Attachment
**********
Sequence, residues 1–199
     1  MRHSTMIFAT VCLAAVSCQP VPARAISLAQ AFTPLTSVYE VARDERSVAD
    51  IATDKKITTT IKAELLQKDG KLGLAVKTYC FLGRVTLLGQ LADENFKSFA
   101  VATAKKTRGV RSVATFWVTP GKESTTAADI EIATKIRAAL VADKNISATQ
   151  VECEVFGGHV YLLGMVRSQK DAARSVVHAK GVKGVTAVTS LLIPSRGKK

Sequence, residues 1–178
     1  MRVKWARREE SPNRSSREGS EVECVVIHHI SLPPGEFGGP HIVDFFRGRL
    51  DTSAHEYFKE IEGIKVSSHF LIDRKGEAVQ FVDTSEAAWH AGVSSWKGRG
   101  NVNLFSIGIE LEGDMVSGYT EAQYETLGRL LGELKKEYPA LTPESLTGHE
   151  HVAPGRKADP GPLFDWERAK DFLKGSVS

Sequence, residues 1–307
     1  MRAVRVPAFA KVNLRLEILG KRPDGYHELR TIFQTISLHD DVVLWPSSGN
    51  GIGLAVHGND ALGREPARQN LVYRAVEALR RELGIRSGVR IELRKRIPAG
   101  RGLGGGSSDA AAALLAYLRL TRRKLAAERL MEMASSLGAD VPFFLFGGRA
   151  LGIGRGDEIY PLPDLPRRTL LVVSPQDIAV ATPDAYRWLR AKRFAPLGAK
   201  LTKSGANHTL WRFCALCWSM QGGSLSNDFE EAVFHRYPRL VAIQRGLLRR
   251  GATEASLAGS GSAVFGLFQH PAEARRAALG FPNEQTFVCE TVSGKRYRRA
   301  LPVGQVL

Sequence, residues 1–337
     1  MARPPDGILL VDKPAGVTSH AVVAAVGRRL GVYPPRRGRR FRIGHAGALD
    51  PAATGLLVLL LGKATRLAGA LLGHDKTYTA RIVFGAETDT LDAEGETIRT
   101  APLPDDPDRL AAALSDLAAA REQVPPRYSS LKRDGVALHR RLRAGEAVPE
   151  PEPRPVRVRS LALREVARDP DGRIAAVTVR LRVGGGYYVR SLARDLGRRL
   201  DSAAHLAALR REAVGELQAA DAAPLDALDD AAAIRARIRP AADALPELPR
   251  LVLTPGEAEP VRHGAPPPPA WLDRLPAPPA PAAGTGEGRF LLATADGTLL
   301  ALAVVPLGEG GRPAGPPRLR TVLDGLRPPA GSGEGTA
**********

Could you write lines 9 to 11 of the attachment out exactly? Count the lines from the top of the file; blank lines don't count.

   101  NVNLFSIGIE LEGDMVSGYT EAQYETLGRL LGELKKEYPA LTPESLTGHE
   151  HVAPGRKADP GPLFDWERAK DFLKGSVS

Sequence, residues 1–307